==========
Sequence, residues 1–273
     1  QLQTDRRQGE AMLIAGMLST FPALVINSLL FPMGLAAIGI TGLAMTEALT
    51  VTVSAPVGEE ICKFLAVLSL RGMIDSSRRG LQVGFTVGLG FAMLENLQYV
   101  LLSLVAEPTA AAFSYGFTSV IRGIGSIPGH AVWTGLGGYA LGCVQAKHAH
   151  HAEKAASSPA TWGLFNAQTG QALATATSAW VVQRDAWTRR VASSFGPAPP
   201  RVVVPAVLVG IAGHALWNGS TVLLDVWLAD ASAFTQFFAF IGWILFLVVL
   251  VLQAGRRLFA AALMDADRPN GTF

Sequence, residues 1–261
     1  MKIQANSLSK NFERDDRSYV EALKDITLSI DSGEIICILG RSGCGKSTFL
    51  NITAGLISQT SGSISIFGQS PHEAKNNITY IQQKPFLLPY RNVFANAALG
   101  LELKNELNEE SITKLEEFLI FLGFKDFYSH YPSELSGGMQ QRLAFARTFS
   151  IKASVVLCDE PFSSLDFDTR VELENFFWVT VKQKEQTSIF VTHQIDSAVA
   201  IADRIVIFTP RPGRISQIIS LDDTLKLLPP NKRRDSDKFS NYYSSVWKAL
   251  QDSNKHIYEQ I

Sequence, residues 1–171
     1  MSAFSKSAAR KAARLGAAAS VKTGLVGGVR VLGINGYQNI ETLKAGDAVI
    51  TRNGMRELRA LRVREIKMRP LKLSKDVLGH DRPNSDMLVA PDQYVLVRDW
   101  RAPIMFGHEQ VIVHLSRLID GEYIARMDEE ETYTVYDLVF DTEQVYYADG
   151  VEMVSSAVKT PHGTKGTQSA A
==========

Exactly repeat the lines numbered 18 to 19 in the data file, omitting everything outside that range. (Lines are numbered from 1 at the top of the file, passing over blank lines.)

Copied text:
   101  RAPIMFGHEQ VIVHLSRLID GEYIARMDEE ETYTVYDLVF DTEQVYYADG
   151  VEMVSSAVKT PHGTKGTQSA A